A FAMOUS gardener has thrown his support behind a new book about Swindon icon Richard Jefferies.

Gardener's World presenter Monty Don has written the foreword for a fully-illustrated tome which delves into the life of the Victorian nature writer whose home near Coate Water is now a popular museum.

It shows off the wonders of the natural world and stresses the importance of working in harmony with the environment instead of destroying it.

Museum director and historian Mike Pringle wrote the book, Wild Life, during the pandemic's lockdowns to give an overview of Richard Jefferies' life, which began in 1848 and ended in 1887.

The hardback highlights quotes from the author alongside photos of artefacts from the museum as well as hundreds of pictures of nature and wildlife taken in the Swindon area by Elmar Rubio, Phil Messenger, Robert Slade and Rosie Tozer.

The book officially launched on what would have been Mr Jefferies' 173rd birthday at the community centre next to Christ Church, where his relatives are buried.

Mike asked Monty Don to write a piece for the project and the BBC show's star said he would be honoured to do so because he is a big fan of the nature lover.

Monty added: "The changes to agriculture and Jefferies’ landscape, even in my lifetime, have been huge and often vandalistic.

"But reverence for the natural world and the need to acknowledge both its fragility and significance is growing.

"We are learning that we need that world in all its sublime complexity much more than it needs us. This was Jefferies’ subject and it has never been more pertinent to the way that we live.”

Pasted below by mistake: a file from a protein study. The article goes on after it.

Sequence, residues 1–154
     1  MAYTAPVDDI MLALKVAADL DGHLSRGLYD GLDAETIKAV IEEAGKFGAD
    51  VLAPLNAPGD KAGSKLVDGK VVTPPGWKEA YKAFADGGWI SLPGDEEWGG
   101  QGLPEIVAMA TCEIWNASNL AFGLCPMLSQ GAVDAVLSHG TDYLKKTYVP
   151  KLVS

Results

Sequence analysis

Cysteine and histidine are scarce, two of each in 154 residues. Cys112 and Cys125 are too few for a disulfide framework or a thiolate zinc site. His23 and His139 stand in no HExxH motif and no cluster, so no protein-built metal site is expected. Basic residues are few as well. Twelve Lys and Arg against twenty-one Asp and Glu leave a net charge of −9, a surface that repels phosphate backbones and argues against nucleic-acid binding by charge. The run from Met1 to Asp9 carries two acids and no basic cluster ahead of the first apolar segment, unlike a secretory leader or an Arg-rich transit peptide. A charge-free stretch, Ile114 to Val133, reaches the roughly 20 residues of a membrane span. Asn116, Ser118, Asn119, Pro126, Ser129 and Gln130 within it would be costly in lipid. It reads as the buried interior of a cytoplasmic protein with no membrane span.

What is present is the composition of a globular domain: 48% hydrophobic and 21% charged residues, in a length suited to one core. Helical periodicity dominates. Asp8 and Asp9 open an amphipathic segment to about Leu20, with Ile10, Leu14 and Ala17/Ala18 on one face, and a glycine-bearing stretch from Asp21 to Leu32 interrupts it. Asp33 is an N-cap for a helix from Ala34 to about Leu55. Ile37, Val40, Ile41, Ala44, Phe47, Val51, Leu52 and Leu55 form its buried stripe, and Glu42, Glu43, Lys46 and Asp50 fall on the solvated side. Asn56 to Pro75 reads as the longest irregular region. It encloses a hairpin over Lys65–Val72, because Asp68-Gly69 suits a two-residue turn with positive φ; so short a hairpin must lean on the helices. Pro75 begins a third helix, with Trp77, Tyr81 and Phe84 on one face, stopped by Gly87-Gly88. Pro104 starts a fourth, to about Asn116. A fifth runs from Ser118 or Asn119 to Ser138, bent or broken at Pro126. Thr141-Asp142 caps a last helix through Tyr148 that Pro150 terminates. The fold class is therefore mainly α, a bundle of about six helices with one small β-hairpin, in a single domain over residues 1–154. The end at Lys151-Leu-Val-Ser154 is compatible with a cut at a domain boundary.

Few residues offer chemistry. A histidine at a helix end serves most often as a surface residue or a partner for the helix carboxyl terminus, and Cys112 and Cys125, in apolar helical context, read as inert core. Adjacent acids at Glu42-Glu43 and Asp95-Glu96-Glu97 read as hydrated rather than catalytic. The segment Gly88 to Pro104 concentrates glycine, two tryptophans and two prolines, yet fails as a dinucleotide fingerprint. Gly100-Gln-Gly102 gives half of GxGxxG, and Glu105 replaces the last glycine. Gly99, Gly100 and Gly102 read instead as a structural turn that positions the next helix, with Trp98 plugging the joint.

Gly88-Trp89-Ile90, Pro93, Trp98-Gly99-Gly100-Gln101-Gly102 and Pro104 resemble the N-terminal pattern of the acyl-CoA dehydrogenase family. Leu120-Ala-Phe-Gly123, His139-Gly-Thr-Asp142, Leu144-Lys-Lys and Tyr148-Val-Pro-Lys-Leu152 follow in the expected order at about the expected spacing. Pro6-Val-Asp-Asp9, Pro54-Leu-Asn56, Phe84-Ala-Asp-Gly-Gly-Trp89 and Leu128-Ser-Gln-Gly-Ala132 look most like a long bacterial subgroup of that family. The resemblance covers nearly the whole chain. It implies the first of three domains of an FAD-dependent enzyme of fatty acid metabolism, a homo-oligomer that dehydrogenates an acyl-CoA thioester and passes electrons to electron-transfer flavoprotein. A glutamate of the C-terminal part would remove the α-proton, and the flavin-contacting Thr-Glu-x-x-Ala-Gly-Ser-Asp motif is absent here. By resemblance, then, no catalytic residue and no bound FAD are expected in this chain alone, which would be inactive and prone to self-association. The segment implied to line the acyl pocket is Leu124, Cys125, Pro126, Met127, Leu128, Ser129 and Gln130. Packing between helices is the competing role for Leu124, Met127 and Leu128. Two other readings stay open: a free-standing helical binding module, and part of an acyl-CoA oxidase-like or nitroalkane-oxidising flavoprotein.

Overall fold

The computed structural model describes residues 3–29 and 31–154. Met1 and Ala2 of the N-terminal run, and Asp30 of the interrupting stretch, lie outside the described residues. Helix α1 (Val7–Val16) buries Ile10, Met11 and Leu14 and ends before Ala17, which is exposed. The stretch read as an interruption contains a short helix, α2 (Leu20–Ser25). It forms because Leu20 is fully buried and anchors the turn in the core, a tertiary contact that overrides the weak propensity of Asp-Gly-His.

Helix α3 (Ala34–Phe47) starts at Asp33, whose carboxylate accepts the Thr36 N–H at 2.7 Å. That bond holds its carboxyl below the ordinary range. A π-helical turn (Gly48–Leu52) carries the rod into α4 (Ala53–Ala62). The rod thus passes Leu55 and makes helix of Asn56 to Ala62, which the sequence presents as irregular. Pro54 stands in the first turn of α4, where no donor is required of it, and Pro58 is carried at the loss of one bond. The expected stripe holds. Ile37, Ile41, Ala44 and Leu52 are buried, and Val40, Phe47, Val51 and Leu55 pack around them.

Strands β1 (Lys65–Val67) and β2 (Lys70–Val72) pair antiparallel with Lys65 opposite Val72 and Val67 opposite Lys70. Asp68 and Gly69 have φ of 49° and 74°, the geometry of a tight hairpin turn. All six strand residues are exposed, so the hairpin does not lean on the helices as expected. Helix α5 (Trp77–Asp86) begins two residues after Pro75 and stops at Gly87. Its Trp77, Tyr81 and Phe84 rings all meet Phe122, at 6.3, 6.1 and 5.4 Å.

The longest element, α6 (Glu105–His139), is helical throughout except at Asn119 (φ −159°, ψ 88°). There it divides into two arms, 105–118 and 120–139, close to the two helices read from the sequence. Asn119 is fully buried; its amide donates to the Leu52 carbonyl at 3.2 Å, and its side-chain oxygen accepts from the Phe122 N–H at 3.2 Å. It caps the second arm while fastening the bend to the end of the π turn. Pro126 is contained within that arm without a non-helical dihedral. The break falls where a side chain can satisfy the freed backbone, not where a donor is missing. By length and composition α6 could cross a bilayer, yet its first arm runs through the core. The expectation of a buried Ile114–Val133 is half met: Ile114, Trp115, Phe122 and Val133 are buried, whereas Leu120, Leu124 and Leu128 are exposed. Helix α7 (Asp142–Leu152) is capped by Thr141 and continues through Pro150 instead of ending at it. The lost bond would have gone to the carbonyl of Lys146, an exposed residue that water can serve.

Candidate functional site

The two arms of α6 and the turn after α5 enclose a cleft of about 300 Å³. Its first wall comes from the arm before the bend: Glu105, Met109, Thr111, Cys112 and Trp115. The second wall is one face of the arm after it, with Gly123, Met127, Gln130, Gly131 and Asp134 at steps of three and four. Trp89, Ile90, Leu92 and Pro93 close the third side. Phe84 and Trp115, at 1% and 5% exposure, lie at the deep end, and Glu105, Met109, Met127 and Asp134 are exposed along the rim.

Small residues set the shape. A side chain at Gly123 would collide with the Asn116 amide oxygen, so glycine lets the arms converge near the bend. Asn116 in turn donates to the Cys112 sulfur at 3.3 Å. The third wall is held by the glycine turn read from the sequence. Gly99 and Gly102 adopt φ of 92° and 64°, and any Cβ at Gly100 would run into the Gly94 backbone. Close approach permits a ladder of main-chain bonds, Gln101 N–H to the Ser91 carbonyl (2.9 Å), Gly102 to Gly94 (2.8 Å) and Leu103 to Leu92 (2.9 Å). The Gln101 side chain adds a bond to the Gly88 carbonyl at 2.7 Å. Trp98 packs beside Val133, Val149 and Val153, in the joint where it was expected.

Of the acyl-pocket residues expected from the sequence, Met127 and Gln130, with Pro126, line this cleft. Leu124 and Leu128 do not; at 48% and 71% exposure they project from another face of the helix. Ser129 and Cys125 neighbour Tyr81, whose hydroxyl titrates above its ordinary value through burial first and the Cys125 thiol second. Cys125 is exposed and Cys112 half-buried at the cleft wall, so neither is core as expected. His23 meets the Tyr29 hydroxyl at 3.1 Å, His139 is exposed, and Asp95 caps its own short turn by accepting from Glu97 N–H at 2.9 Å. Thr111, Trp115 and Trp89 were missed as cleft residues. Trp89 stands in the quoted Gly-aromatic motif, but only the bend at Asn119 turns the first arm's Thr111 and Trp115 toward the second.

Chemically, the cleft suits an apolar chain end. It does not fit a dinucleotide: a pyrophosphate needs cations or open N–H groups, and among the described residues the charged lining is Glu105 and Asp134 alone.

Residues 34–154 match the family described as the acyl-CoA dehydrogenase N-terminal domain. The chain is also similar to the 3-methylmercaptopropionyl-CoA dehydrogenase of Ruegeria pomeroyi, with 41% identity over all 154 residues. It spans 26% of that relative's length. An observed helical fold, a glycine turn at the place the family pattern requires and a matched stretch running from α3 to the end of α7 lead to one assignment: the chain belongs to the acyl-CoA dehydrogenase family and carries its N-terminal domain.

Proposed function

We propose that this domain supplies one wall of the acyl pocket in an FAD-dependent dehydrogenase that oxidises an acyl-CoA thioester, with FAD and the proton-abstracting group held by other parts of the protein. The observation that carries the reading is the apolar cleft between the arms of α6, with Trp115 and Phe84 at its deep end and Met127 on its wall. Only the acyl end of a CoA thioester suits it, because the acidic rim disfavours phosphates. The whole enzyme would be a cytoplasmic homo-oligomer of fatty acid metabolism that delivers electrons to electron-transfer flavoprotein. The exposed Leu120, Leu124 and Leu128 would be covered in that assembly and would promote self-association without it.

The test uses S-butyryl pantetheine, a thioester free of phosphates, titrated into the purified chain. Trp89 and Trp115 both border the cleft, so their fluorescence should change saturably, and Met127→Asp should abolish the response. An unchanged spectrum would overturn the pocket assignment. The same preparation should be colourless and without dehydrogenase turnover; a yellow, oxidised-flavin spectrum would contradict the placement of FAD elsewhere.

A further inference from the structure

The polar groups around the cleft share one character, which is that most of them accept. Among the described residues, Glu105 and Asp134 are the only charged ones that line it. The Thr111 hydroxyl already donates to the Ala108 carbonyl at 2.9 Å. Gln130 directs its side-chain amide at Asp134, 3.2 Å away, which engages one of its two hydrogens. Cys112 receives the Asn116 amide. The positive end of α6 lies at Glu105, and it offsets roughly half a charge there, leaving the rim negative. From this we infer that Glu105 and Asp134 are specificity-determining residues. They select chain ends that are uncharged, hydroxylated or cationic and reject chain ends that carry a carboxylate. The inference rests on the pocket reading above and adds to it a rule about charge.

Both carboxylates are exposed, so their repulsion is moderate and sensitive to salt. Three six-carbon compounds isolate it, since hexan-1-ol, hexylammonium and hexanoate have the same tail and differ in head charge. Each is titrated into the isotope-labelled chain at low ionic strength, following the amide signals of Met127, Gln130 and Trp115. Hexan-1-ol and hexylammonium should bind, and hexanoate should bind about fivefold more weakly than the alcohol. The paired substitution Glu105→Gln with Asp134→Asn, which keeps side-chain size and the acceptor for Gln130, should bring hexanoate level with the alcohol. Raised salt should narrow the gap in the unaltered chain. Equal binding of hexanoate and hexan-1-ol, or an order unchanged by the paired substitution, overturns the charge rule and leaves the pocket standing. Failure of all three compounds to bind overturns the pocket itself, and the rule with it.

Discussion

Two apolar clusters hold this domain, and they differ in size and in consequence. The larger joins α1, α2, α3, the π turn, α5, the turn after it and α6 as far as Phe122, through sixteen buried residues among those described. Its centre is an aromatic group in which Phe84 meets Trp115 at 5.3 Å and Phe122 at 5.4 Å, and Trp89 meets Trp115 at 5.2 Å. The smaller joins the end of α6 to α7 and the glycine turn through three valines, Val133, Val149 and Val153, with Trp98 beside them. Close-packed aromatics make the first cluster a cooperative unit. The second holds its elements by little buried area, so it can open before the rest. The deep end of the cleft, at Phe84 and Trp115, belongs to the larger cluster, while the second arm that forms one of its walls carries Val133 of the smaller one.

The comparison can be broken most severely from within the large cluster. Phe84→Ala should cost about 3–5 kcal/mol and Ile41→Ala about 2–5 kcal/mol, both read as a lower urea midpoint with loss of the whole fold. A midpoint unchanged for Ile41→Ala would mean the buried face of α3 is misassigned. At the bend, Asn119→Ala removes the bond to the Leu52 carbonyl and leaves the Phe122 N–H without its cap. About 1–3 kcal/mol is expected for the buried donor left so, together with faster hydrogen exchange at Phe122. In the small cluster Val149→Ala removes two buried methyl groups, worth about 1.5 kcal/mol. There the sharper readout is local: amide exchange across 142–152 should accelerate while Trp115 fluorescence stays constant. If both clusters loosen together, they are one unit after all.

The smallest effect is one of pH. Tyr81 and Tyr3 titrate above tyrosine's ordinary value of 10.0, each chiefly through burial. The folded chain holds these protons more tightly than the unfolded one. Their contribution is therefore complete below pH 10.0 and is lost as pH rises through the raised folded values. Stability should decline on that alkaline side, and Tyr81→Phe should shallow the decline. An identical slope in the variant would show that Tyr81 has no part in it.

Climate economist Graeme Maxton praised the book, whose title comes from the fact that Jefferies’ 1879 book Wild Life in a Southern County is given as the earliest example in the Oxford English Dictionary of the phrase being used in a nature context.

He said: “Deep down, of course, we all know humanity is making a pig’s breakfast of it all. We know that nature is suffering and that almost everything we do is to blame.

"What is delightful about this book is that it sidesteps all that. It punctures the reader’s stupor like a knitting needle shoved between the ribs.

"The gentle tone of the words and heart-warming photographs ensnare unwittingly. Then, from within the easy-to-digest text comes that powerful thrust to the chest. ‘Listen!’, it shouts. ‘We must change!'"

Swindon-born zoologist Desmond Morris added: “Jefferies wrote about the magic of engrossing oneself in nature and, in so doing, became a pioneer of animal conservation and the understanding of ecology.

"In this, he was way ahead of his time, so much so that he is often overlooked. This splendid new book will serve to correct this and let his voice be heard more clearly in the 21st century.”

Mike Pringle wrote: "Richard Jefferies shows us a world where birds, insects and wild flowers existed in numbers that now we can only imagine.

"He warns us that nature holds no special place for human life and will ultimately win any battle we care to have with it.

"He reminds us of the incredible depths of wild life living in every hedge and patch of grass.

"He tells us that the Earth can provide all that we will ever need, if we can only develop the better sides of ourselves, push aside greed and share the abundance.

"And he extols the life-giving properties of simply being in nature, now."